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Loosening lockdown: lessons from the blackout

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The government’s plan

In a statement broadcast on Sunday evening, Boris Johnson sketched out a number of steps for lifting the Covid-19 lockdown. His statement signalled the gradual loosening of restrictions. In the short term, those working in the construction and manufacturing sectors are to be encouraged back to work. In the medium term, more children will be allowed into schools. Longer term, Johnson hinted at the reopening of parts of the hospitality sector. These announcements were punctuated by repeated use of the phrase ‘Stay Alert’, which replaces ‘Stay at Home’ in the latest government communications campaign.

Allied to this change in rhetoric was a notable move away from wartime analogies. Johnson spoke not of a ‘battle’ or ‘fight’ against the disease, and – while praising the ‘incredible bravery’ and ‘self-sacrifice’ of NHS staff and care workers – avoided the term ‘front line’. As recent confusion over VE Day street parties has shown, wartime analogies have not always been helpful in the ‘fight’ against Covid-19. However, as explained in the policy paper ‘Real Lessons of the Blitz for Covid-19’, there are things we can learn from the example of the Second World War. We focused on Air Raid Precautions because, like the initial response to Covid-19, they were designed to meet an unknown threat and their success rested on an acceptance of collective security.

Collective responsibility

A LSE study of lockdown behaviour carried out at the end of April found that the belief ‘we are all in it together’ had a greater impact on compliance than either a fear of catching Covid-19 or breaking the law. It is no coincidence that this phrase was popularised in Britain during the immediate run-up to the Second World War. It was used to refer to a new type of conflict – where civilians would find themselves on the ‘front line’ as a result of aerial bombing.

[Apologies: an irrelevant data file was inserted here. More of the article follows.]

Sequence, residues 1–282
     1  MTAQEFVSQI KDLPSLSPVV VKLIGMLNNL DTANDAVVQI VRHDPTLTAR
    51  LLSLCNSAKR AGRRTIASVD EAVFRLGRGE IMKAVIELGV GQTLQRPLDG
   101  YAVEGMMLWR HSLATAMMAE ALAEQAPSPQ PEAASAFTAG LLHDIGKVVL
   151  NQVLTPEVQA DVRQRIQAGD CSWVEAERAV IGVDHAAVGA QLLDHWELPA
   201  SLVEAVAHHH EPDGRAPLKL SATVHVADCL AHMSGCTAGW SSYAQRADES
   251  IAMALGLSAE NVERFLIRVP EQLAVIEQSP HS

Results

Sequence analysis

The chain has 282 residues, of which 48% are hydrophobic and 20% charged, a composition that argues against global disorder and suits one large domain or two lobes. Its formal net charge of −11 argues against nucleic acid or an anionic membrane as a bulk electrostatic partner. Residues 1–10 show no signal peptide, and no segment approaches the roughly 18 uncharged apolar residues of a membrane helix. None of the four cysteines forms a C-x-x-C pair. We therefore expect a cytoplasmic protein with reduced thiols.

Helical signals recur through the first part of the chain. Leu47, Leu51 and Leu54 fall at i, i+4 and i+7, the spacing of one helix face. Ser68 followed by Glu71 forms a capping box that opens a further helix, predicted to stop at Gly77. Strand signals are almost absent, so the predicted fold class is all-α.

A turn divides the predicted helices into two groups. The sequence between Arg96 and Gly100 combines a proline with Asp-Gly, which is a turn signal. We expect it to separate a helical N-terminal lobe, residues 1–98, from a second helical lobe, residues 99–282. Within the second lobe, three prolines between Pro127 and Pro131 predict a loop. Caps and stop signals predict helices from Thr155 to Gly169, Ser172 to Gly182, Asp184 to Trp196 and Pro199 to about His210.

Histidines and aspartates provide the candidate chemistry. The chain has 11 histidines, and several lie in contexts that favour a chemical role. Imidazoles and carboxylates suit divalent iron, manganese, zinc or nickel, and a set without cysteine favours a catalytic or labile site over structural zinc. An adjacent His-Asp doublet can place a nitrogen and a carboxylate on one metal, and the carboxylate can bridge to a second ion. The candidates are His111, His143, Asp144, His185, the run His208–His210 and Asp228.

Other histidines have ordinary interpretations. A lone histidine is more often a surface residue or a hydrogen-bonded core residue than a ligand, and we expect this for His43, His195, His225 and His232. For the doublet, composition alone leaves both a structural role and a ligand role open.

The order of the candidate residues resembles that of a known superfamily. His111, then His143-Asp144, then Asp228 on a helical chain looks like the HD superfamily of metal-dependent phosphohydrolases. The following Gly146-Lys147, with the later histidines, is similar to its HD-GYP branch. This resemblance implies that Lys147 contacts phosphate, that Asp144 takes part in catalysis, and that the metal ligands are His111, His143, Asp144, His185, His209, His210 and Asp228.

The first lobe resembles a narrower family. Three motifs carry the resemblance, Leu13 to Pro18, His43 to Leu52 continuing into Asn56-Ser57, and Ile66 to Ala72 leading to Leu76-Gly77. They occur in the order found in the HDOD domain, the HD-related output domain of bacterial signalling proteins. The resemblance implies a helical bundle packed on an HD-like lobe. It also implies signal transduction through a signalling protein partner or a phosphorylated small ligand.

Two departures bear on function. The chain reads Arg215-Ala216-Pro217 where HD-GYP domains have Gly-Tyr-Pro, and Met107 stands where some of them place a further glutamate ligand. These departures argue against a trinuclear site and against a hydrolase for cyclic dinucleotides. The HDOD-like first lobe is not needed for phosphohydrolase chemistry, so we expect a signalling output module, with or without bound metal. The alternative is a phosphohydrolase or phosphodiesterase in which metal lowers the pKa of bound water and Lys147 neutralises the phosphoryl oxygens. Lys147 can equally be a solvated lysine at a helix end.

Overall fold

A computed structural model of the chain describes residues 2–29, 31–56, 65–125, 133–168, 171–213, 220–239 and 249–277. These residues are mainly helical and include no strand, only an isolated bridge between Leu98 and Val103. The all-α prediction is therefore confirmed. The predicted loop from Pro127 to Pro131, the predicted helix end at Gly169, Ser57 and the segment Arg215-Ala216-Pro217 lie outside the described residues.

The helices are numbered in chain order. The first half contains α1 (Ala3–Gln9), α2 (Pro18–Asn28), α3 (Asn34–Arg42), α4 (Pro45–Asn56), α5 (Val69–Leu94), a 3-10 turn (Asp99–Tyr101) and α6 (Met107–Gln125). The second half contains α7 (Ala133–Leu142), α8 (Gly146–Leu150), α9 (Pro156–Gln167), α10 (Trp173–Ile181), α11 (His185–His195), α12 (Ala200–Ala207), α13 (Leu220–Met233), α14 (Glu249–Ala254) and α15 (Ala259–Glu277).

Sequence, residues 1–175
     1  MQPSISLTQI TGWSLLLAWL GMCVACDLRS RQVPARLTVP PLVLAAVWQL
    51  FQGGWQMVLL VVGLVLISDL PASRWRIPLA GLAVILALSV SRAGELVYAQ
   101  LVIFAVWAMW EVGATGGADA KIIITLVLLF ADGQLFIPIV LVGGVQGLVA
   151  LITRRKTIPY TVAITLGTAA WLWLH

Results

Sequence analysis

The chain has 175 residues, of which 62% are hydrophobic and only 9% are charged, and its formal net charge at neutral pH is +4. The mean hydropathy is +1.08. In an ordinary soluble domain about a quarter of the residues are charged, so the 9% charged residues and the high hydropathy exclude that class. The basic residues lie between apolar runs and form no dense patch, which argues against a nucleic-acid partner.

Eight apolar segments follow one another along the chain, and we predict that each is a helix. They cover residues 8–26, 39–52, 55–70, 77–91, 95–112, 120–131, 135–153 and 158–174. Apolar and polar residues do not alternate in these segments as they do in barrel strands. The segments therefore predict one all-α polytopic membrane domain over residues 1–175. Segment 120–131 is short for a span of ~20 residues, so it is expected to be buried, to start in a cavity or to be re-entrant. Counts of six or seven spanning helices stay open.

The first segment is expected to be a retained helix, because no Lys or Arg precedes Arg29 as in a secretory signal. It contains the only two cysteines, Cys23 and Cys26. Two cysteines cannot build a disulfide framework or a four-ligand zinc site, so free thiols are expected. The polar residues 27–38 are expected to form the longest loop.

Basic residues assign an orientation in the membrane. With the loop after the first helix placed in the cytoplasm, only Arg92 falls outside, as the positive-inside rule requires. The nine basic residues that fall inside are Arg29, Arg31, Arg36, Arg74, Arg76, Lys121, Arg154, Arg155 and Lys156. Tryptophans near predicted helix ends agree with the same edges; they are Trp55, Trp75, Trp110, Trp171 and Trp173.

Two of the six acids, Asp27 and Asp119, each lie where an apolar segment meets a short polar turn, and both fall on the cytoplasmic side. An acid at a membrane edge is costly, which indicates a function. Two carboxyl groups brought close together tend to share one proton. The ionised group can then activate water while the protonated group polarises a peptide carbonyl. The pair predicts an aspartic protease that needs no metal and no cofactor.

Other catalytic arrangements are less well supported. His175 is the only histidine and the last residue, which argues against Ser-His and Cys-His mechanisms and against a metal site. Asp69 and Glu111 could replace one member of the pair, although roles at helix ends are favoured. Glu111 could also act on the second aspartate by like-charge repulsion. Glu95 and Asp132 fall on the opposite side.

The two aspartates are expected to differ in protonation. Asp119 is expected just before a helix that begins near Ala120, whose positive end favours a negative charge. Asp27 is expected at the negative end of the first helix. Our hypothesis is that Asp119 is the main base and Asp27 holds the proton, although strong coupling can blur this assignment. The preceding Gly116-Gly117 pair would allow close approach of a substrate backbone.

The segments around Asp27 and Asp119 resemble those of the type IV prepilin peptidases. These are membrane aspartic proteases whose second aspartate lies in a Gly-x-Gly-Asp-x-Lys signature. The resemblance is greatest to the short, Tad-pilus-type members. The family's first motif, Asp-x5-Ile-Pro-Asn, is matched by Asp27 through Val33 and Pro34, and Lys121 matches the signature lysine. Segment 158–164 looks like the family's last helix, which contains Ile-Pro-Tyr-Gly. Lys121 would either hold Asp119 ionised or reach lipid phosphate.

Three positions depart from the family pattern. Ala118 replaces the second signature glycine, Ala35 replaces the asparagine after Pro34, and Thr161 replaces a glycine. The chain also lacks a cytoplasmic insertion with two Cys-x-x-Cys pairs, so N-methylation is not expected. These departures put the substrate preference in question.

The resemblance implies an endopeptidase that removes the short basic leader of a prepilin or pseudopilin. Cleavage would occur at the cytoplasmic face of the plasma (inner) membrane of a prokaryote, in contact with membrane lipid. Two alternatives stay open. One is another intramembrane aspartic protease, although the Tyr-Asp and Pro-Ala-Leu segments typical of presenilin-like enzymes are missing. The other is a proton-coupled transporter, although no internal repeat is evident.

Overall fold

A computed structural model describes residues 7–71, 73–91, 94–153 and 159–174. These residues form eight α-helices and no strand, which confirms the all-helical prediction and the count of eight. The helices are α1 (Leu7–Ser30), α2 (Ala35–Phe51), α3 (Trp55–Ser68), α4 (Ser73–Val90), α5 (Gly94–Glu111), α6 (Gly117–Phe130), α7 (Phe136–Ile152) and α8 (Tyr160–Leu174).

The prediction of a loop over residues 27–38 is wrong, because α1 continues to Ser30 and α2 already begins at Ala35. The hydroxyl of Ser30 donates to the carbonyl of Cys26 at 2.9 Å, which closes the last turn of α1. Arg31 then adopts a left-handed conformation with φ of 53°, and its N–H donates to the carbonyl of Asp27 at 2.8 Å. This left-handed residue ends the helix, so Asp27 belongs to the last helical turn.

This was the rationale for the blackout. From 1 September 1939, lighting restrictions required all windows and doors to be covered and external lights to be switched off after nightfall. The aim was to spread the risk of bombing beyond key industrial and urban centres by making it harder for enemy aircraft to identify targets. The restrictions mostly remained in place until 2 May 1945, and, even then, some coastal areas remained subject to the rules well into peacetime.

We maintain that the blackout is one of the closest analogies to the unprecedented social and physical distancing measures introduced to combat the spread of Covid-19. The official historian of Civil Defence argued that it ‘transformed conditions of life more thoroughly than any other single feature of the war’. Thinking of life since 23 March 2020, it is easy to imagine historians of Covid-19 echoing this conclusion.

Responses to the blackout

The blackout was a source of grumbling throughout the war. Unsurprisingly, complaints were most common in winter months. In January 1944, for example, the government’s Home Intelligence division noted that “A number, particularly war workers, feel the blackout is responsible for much depression and illness; some think it could be lifted in their areas; others would welcome at least more star-lighting [the name given to a measure that allowed pin prick street lighting]”. The psychological toll of the blackout was matched by increased physical risks, for instance a dramatic rise in the number of traffic accidents (deaths on British roads peaked at 9,196 in 1940, which was equivalent to one death for every 200 registered vehicles).

There were also problems with compliance. By the end of the war, 925,000 people had been prosecuted for lighting offences. Although most for minor infringements, this was not an insignificant number for a country with 15 million households. The wartime public – like those commemorating VE Day – were not without their flaws.